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Shark Tank: Enter At Your Own Risk

20061106_wolf_0014If you have ever seen the ABC show “Shark Tank” then I am sure that you have noticed that sometimes the negotiations can get very tense. In certain cases the presenter sometimes gets overwhelmed or feels that they need to consult an advisor not in the room because the negotiations have not gone according to plan (when do they really ever?) Sometimes the sharks warn the entrepreneurs that if they leave the room the offer will be gone once they come back. However, something else to watch out for is collusion by the sharks. Leaving the room allows for the sharks to talk freely and it may lead to a monopsony where they bid the price down. In the shark tank the buyers usually have the power over the producer because the entrepreneurs are in a vulnerable position. The entrepreneurs must admit to the sharks why they need the investment and many times that is because their business is suffering. This gives the edge to the sharks in the negotiations.

At the same time by appearing on the television show the entrepreneurs on shark tank are effectively buying informative advertising space on a major network that reaches a broad range of viewers. It is a popular platform that relays qualitative information about their, usually, unique product. This is advertising that the small business would not have access to in any other way.

There are many valuable business lessons to be learned by watching or appearing on shark tank but it is also not true to life. Many venture capitalists do not like Shark Tank because they do not believe that these auction type situations are the best way to build a sustainable business. In this same way the Shark Tank is not reality; collusion may be illegal in real life but in the tank anything goes. Overall the Shark Tank is an interesting case study to observe venture capital business negotiations where there are not as many regulations as in the actual marketplace.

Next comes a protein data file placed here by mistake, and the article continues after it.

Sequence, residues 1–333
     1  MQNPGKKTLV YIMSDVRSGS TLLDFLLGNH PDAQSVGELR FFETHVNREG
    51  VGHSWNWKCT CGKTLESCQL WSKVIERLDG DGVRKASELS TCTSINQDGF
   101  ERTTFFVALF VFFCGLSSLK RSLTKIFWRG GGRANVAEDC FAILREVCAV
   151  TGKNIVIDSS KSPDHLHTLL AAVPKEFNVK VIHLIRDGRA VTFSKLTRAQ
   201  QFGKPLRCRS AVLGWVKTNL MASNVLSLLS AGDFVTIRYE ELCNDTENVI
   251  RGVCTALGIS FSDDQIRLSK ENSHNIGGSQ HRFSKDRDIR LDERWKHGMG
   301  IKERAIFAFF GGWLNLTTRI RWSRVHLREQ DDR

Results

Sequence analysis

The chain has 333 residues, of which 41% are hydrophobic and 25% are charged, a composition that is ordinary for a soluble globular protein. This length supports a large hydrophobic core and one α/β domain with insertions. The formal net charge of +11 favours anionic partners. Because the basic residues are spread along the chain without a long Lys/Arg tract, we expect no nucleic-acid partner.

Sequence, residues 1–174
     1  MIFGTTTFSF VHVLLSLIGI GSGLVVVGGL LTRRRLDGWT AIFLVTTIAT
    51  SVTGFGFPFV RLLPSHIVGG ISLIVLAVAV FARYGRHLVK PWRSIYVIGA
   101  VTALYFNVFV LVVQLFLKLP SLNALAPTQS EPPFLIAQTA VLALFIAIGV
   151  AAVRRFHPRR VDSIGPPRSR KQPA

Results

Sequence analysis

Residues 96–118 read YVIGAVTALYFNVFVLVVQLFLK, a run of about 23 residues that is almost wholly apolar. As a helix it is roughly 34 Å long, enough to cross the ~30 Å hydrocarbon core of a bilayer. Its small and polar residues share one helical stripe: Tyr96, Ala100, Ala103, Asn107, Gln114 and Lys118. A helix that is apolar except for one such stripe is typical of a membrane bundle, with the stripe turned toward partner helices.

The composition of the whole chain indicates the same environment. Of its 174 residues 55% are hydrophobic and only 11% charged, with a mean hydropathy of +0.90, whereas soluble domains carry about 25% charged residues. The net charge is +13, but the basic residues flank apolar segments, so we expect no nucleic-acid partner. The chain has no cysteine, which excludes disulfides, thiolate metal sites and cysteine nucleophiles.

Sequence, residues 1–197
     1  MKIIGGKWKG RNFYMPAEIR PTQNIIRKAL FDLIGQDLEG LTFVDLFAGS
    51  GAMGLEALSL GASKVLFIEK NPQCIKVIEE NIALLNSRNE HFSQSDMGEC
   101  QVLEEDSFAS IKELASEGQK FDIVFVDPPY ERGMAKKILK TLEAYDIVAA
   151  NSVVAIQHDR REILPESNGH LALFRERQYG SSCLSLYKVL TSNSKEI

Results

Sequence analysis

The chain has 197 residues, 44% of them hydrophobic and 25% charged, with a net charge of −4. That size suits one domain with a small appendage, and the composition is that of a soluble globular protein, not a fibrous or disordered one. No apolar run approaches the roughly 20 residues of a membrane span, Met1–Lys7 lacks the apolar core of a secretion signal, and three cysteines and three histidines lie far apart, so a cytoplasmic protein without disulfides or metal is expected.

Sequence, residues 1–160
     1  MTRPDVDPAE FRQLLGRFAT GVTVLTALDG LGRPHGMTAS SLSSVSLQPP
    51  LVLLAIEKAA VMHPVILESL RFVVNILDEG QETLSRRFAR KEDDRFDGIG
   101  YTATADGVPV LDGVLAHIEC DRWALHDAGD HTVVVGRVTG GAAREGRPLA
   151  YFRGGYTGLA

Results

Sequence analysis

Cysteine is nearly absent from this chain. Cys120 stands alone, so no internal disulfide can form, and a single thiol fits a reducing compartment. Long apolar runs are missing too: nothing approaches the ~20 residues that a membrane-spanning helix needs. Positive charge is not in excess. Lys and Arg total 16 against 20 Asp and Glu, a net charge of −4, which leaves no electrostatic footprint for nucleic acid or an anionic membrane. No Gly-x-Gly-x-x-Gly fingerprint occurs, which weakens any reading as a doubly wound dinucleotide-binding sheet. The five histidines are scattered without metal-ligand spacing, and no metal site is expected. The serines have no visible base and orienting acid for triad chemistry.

1. grieve grieve

    I have watched Shark Tank a few times before, and I think its an entertaining and interesting show. One thing I have been curious about, however, is the nature of the deals made on the show and whether or not they are binding. The fact that negotiations are on a strict time limit and usually both the Sharks and the Entrepreneurs need to make their decisions in under ten minutes seems a little stretched, even considering that most of the Sharks are billionaires and have expendable income. I would just love to know whether further negotiations take place behind closed doors after the show, or if it really is just a snap decision and a binding handshake.

    • strauss strauss

      From what I found online, it seems that what we see on TV is fairly accurate. The pitches may be 30 minutes to 2.5 hours long and obviously must be edited for time, but Cuban says the negotiating process is real in an interview with Business Insider. He also said that he closes 60% to 70% of the deals he makes on the show, but those that don’t close seem to fail because of other information that comes up. Source-

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